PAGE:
It's a classic case of what's in a name -- and it's the "name" of the game in the $22 billion wine industry.
Napa, Sonoma, Willamette Valley, Lodi -- all AVA, or appellations. There are 236 in the United States: federally designated "unique" viticulture regions. If you get one, you put it on your label, and the price on that bottle of Pinot Noir goes up by a couple of bucks.
The newest "appellation" in the wine business is the Snake River Valley -- in Idaho! The place where potatoes were king is now on the leading edge of the expanding U.S. wine industry. While the better-known American 'valley' appellations dominate the shelves across the country, the new ones, like Snake River, will be the ones taking the U.S. business forward through the next century.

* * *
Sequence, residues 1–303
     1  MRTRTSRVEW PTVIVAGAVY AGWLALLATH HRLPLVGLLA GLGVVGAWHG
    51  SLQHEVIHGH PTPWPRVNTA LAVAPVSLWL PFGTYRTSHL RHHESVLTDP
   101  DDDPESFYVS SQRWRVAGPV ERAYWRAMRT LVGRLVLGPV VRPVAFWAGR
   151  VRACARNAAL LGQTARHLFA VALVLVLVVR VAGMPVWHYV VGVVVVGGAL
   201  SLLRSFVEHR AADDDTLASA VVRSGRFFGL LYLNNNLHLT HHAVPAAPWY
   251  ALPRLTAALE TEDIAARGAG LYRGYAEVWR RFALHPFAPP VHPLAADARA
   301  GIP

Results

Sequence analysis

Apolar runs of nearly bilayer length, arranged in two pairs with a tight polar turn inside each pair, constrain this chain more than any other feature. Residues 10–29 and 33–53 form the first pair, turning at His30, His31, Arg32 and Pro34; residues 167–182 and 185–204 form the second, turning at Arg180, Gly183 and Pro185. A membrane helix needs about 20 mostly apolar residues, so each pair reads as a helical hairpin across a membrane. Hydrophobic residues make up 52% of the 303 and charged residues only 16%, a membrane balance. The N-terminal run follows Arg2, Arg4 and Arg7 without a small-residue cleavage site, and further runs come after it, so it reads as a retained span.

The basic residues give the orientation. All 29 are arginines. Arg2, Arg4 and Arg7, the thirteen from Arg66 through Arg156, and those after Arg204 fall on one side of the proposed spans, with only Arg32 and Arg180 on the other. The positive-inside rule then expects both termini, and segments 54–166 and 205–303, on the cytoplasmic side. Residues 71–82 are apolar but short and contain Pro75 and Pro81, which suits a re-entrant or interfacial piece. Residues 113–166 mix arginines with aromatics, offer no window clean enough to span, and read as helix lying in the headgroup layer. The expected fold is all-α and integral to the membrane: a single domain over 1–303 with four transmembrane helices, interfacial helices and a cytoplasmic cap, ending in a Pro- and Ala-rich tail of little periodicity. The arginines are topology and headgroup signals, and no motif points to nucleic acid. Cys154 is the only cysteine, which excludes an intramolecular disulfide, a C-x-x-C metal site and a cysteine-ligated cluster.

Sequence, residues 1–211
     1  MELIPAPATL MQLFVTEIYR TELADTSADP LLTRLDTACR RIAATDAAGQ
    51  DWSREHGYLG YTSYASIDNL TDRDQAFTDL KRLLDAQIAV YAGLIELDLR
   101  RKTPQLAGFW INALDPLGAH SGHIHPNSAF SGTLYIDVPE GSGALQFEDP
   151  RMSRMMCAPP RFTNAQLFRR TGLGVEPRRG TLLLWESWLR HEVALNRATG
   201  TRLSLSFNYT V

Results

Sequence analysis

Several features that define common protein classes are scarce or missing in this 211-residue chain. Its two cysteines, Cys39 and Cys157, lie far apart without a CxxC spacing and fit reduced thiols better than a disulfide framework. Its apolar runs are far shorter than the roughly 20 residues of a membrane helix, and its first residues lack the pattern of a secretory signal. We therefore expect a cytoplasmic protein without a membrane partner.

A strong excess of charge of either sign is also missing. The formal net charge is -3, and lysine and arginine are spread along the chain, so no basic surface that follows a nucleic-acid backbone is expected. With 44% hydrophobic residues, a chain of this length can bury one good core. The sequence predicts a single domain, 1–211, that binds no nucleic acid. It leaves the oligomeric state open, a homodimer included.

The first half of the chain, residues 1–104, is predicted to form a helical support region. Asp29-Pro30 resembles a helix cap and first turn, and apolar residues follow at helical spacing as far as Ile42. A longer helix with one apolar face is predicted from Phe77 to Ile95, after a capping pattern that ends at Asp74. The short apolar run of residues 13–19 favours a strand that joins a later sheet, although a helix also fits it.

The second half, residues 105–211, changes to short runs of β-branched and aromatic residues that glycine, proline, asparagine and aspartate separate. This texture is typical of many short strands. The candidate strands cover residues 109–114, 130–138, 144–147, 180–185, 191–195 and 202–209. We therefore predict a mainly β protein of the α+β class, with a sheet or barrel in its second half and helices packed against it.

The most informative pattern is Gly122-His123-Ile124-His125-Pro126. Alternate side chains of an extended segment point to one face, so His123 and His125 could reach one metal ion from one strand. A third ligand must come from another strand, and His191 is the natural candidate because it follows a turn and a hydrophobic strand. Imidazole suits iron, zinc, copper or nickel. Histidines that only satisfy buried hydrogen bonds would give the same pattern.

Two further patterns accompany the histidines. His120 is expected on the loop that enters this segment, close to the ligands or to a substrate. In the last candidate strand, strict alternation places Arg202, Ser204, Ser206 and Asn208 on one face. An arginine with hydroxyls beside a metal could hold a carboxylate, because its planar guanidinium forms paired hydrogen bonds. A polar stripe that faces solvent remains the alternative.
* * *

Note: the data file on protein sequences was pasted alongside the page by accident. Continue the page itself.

St. Chapelle Winery in Treasure Valley, Idaho is the leader of that state's wine business -- over 160,000 cases last year, double or triple its nearing competitor. A world-class maker of Riesling, Idaho is also the best place in North America for 'ice wine' -- wine made immediately after that initial, quick freeze -- the grapes are crushed and the result after-dinner or dessert wine is stunning.
The 'Snake River Valley' appellation -- look for it.
You can see more about the Idaho wine industry and visit the St. Chapelle Winery on 'On The Money' with 'Mike On America' on Tuesday night, 7 p.m ET.
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